i = lbound(a)
end if
nextState = a(i)
end function

then set up a counter and do something like this

<a href="./query.asp?state=<%=state+1%>"><%=nextStateName(stateNum)%></a>

Like I say, I'm in love with web programming again. :-)

Wednesday, April 07, 2004

I took my eye off OPTIMAES for a couple of weeks, and two more people came by. So hi to Francois and Alexander.

Jean-Francois is right. This is the year of convergence between internet geekdom and alt.money geekdom.

A plot to put a CHEMICAL WEAPON!!! in London.

But, strictly speaking ... Alastair Hay, Professor of environmental toxicology at Leeds University, said osmium tetroxide was a rare catalyst and could potentially make an explosion occur more rapidly. [but] ... did not fit the profile of a typical chemical warfare or dirty bomb agent ...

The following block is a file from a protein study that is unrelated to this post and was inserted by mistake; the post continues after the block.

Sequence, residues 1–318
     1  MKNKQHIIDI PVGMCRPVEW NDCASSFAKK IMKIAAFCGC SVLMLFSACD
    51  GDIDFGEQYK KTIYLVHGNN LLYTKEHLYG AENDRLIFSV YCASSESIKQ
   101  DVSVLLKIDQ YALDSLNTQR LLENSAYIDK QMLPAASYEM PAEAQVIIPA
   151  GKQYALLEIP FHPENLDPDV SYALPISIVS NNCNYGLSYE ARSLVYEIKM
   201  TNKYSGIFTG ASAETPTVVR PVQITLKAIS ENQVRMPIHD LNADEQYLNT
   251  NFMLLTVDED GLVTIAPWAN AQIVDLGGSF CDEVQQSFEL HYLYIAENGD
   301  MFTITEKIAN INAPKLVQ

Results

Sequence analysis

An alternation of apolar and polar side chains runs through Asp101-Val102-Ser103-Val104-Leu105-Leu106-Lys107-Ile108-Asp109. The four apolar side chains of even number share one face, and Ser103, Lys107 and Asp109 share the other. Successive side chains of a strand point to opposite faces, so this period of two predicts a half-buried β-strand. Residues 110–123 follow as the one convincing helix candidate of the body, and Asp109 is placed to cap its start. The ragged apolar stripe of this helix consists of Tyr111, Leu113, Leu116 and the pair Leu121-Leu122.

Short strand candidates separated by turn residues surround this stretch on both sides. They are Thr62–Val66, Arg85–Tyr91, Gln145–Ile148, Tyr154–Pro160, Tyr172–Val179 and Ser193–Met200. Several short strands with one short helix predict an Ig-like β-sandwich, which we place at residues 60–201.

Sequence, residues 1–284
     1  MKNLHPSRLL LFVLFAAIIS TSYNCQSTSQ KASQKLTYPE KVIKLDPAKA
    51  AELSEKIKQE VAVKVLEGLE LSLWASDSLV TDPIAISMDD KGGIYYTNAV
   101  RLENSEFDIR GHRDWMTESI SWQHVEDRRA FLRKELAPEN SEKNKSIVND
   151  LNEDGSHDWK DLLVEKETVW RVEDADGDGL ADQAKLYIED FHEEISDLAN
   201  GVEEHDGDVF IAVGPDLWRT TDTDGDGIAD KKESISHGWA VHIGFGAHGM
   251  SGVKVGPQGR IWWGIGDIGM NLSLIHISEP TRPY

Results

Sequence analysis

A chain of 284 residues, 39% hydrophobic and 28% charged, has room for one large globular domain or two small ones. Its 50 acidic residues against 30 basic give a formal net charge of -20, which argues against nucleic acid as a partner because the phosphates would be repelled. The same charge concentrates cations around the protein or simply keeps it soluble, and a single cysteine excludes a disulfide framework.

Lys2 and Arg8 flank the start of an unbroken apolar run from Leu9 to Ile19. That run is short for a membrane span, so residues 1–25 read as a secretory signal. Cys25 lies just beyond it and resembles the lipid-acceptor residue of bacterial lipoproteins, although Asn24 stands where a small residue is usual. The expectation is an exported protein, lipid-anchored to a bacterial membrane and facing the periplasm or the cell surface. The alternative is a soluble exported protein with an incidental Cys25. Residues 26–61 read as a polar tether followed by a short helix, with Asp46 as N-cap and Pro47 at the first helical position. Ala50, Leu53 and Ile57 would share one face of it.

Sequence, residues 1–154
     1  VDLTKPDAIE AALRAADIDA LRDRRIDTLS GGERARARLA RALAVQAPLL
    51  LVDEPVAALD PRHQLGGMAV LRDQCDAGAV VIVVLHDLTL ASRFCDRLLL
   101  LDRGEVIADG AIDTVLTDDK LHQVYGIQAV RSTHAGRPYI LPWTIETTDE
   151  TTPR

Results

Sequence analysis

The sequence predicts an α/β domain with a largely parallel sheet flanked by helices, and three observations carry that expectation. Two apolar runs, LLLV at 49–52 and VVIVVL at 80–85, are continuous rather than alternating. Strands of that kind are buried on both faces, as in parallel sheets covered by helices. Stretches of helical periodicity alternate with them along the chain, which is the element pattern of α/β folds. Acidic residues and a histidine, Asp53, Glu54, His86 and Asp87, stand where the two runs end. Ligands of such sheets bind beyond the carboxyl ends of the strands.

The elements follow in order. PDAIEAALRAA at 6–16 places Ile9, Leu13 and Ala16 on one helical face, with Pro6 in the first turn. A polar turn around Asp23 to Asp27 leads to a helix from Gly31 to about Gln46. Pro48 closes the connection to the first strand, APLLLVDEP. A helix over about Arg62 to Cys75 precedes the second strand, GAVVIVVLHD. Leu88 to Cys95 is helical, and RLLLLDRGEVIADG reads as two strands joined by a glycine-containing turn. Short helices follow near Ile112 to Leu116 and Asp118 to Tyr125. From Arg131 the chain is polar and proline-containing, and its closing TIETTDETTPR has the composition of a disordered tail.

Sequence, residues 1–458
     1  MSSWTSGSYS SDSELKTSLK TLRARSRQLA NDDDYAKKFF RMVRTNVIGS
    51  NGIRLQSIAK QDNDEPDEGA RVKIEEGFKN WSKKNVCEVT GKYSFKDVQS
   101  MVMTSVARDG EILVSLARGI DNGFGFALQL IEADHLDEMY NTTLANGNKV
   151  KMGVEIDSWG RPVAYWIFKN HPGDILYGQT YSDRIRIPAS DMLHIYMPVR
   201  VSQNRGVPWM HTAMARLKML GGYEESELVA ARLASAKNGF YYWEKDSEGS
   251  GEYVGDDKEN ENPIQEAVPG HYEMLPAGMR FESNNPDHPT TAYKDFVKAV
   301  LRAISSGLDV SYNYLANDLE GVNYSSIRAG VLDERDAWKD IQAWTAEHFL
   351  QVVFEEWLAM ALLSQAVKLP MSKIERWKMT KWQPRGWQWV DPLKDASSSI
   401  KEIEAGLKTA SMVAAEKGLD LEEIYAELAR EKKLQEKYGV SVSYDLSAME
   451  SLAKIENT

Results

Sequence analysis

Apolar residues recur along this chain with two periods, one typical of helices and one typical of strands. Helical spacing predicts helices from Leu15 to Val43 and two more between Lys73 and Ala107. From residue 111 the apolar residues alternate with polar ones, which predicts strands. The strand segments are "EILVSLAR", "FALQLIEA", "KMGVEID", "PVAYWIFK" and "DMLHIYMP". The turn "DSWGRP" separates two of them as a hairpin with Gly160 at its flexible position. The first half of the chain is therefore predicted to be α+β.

"It would not be in the same category as some radioactive substance which would continue to emit radiation and cause a problem in terms of clean up," he said.

Shocked reaction and general "look at those evil terrorists" from the UK government.

The only question that seems vaguely worth asking is whether Blair and co.

a) kind of hoped this wouldn't happen, but decided the risk was worth taking, in order to defend the principle of pandering to Bush's obsession with Saddam and giving Middle-eastern oil reserves to Halliburton.


b) ... like, didn't realize, and mistook invading Iraq for something to do with reducing terrorism.

Tuesday, April 06, 2004

Via Graham, an honest and touching mea culpa from the creator of Ant which basically admits what I always figured : people use XML because they're too lazy (in the bad sense) to write a parser for a sensible language.